Many times you love a pattern, but hate the yarn they chose. Now, we can't blame the designers for choosing an ugly yarn (often it is not their choice) or a weight that only looks good on a bulldog with a bag over its head (bulky weight yarn on anyone bigger than a twig??) So we just need to make some adjustments to the pattern to make it useable with our yarn of choice. Now go knit that swatch!
There are many tutorials for changing yarns of the same weight, which only involves looking for yarns with the same stitches per inch. The issue, however, is when you decide that a pattern would look better in a fingering weight yarn, versus the worsted weight called for in the pattern, or better in a bulky weight instead of a cobweb laceweight yarn.
My example is completely made up, with a pattern that requires worsted weight yarn, and I want to use a fingering weight. Look at your pattern. Let's say that you need a yarn in worsted weight, that gets 18 sts per 4 inches, or 4.5 stiches per inch. The yarn I have chosen is a fingering weight, so I need to knit a swatch with it to determine the how to adjust the pattern.
Let's say that I get 6 stitches per inch with my fingering weight replacement yarn. All you need to do is divide the stitches for replacement yarn by the stitch gauge in the pattern, and this gives you the factor to multiply the stitch counts by in order to create the pattern with your new yarn. In this case, my factor is 1.33, so everytime in the pattern there is a stitch count, simply multply that count by 1.333 and you will get the correct number of stitches to cast on.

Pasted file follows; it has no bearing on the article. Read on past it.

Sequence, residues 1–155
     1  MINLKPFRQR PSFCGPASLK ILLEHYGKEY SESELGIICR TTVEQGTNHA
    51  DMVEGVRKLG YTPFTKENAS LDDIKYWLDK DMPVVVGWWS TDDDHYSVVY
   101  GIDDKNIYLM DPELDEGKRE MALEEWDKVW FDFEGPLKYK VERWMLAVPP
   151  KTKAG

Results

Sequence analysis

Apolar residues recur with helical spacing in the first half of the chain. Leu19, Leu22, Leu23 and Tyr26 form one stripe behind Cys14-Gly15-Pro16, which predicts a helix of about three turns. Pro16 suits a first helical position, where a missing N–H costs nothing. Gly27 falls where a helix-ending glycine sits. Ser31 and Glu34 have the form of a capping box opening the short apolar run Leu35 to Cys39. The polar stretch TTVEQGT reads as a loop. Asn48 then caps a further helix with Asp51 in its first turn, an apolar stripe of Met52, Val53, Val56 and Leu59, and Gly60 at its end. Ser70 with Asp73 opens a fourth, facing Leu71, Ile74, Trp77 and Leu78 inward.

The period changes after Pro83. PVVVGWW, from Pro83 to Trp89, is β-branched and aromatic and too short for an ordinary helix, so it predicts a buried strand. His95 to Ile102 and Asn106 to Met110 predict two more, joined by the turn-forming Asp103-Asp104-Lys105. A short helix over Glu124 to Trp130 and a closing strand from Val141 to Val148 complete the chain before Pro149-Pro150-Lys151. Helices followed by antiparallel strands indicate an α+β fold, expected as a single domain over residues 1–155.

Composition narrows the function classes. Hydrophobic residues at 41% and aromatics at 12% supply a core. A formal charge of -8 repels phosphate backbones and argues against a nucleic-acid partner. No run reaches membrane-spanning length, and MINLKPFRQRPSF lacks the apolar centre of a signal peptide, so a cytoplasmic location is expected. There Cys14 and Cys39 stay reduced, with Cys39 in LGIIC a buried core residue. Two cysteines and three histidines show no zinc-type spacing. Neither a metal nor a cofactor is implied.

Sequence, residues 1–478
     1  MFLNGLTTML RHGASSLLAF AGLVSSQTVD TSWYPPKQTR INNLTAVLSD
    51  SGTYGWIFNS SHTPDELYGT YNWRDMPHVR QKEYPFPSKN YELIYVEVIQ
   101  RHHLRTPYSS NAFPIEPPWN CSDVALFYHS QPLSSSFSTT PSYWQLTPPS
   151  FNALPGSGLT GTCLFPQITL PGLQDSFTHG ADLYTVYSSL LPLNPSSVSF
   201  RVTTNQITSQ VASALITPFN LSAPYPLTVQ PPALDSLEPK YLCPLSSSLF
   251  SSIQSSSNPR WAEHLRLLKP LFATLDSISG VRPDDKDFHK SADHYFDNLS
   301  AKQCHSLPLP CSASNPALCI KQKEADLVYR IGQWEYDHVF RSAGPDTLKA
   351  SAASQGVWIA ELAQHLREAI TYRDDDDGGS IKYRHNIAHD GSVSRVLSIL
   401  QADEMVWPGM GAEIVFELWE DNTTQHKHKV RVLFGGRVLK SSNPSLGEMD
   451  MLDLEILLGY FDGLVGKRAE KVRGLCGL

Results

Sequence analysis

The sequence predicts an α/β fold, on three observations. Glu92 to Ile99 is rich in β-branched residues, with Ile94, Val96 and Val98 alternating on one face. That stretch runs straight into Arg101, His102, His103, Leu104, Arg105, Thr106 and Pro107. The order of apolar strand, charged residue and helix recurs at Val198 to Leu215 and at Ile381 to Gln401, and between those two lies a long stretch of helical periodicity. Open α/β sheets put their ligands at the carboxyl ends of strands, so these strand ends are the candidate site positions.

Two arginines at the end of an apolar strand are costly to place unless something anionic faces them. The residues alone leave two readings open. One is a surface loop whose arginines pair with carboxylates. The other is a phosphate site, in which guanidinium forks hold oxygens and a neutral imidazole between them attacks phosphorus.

In order to get the correct row gauge, you would divide the replacement yarn row gauge by the patter row gauge. If I got 8 rows per inch with my swatch, then I would know to divide 8 by the required number of rows in the pattern, which, in this case, also ends up being 1.333. Chances are, you will get a number with a decimal.
Now that I have this information, I can go through and write the correct numbers down on the photocopy of the pattern and then start knitting merrily away.
And always write these factors and the yarn used into a notebook for future reference, as well as save that swatch.